RESULTS

      We have recently described a vector, pSUPER, which mediates highly specific and persistent RNA interference through stable expression of short hairpin RNAs (
      • Brummelkamp T.R.
      • Bernards R.
      • Agami R.
      ). We generated a lentiviral derivative of this vector by cloning the H1 RNA short hairpin gene expression cassette targeting murine p53 from pRETRO-SUPER (
      • Brummelkamp T.R.
      • Bernards R.
      • Agami R.
      ) into the self-inactivating lentiviral vector pHIV-CS (
      • Miyoshi H.
      • Blomer U.
      • Takahashi M.
      • Gage F.H.
      • Verma I.M.
      ). We named this vector pLENTI-SUPER-p53 (Fig. 1A). As a control, we used a lentiviral vector that expresses GFP (HIV-CS-CG (
      • Miyoshi H.
      • Blomer U.
      • Takahashi M.
      • Gage F.H.
      • Verma I.M.
      )).
      Figure thumbnail gr1
      Figure 1A lentiviral vector that mediates RNA interference. A, a schematic overview of the lentiviral RNA interference vector pLENTI-SUPER-p53 (pLS-p53). A DNA fragment containing the H1 promoter and an oligonucleotide insert targeting murine p53 were transferred from pRETRO-SUPER (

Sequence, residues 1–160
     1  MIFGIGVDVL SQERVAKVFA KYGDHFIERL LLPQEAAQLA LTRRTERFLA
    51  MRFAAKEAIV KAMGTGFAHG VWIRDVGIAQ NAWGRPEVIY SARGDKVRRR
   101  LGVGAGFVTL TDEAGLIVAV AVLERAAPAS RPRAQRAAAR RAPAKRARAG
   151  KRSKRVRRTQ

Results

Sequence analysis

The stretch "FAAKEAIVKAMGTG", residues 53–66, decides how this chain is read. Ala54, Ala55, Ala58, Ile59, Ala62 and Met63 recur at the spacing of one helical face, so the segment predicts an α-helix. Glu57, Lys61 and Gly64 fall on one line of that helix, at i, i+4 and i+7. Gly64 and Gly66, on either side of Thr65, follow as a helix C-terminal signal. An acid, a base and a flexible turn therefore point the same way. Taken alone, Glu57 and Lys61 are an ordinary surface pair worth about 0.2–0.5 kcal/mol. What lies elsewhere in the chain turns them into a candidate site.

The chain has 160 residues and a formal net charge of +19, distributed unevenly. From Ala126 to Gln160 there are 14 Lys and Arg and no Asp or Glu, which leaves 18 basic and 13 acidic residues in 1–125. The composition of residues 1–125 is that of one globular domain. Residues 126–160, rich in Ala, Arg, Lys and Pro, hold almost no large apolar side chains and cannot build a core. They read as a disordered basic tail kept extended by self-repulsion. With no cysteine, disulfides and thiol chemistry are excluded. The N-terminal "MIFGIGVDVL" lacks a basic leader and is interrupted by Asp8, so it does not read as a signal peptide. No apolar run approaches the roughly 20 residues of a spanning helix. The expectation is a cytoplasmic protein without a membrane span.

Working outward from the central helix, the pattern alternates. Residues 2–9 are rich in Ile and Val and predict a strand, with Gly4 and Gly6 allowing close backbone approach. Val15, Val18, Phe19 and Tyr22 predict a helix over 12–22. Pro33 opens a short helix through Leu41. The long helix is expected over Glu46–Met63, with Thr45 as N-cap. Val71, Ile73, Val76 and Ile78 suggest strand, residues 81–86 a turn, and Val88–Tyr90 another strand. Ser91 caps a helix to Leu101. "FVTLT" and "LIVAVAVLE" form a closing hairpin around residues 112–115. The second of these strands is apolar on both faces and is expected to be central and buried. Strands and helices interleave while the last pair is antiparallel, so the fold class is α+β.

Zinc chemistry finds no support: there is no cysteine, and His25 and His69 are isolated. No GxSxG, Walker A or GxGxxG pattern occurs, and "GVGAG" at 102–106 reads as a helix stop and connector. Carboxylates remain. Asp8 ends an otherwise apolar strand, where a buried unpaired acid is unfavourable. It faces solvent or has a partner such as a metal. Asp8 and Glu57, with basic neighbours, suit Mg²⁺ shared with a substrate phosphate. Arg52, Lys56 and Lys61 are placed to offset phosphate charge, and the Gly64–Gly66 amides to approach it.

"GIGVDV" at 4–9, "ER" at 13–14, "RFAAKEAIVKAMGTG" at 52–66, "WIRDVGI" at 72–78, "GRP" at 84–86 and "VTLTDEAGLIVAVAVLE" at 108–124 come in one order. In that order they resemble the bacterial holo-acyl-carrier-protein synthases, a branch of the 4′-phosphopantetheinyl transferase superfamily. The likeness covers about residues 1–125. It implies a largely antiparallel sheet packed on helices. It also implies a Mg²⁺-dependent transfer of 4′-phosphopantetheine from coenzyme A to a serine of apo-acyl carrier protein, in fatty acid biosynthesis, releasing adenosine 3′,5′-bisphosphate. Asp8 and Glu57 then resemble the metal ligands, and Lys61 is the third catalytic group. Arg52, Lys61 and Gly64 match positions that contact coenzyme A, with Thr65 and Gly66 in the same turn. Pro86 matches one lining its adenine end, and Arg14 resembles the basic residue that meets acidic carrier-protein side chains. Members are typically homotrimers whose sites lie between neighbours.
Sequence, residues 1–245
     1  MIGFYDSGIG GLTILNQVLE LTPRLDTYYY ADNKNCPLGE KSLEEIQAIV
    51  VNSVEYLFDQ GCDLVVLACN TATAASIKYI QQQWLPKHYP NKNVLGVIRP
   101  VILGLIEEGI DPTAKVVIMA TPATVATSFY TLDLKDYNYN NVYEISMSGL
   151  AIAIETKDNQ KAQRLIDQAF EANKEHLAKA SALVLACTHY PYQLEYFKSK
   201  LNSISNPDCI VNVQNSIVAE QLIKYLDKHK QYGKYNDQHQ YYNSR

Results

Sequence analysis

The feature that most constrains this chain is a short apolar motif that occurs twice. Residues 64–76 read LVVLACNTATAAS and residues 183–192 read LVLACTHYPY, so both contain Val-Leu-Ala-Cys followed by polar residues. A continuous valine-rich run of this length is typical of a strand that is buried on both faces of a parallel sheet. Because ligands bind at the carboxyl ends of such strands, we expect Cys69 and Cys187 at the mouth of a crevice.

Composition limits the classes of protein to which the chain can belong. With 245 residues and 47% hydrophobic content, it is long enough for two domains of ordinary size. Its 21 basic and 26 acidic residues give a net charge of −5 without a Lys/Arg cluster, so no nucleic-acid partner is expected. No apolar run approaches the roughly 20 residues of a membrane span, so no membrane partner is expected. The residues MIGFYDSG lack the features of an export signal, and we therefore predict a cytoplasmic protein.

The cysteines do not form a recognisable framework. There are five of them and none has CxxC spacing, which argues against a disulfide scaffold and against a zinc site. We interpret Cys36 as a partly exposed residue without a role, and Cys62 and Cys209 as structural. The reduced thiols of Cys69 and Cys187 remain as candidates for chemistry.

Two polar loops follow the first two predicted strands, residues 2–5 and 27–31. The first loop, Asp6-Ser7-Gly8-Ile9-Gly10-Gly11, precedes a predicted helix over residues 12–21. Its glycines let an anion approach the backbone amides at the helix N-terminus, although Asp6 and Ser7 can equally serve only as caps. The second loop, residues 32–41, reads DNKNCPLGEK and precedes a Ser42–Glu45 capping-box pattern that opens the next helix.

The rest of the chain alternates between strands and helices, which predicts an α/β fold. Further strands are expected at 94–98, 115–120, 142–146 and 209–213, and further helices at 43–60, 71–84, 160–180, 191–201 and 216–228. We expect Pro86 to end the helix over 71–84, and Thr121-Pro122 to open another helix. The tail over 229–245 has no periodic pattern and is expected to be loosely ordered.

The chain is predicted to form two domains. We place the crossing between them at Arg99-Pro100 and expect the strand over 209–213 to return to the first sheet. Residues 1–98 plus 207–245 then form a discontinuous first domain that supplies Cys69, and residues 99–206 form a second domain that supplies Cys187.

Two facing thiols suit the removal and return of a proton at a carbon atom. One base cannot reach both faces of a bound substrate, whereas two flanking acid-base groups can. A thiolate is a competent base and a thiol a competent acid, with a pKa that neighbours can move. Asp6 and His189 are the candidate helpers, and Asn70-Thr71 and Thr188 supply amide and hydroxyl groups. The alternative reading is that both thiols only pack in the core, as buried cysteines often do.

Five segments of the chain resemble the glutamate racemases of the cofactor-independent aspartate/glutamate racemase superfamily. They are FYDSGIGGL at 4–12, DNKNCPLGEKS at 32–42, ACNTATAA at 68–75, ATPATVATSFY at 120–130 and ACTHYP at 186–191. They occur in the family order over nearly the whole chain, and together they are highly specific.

• Brummelkamp T.R.
      • Bernards R.
      • Agami R.
      ) to HIV-SC (
      • Miyoshi H.
      • Blomer U.
      • Takahashi M.
      • Gage F.H.
      • Verma I.M.
      ) by digestion of both vectors with EcoRI andXhoI, followed by ligation of the H1-p53 DNA fragment into HIV-CS. This vector contains a deletion in the U3 region indicated by a triangle that silences the enhancer of the LTR, efficiently shutting off LTR-driven transcription after proviral integration. The predicted short hairpin RNA targeting murine p53 is shown. B, passage 3 FVB wild type MEFs were infected with either HIV-CS-CG (CMV-GFP) lentivirus or LENTI-SUPER-p53 virus, respectively. Fortyeight hours after infection 5 × 104 cells were seeded in 10-cm dishes for colony formation assays and stained after 14 days. C, 48 h after infection 1.5 × 103 cells were seeded per well in six-well dishes. At varying time intervals cells were fixed and stained with crystal violet, which was then solubilized with 107 acetic acid and quantified at OD590 as a relative measure of cell number. CMV-GFP and pLS-p53 curves are marked in gray and black, respectively.
      Loss of p53 in primary mouse embryo fibroblasts is associated with acquisition of an immortal phenotype (
      • Harvey M.
      • Sands A.T.
      • Weiss R.S.
      • Hegi M.E.
      • Wiseman R.W.
      • Pantazis P.
      • Giovanella B.C.
      • Tainsky M.A.
      • Bradley A.
      • Donehower L.A.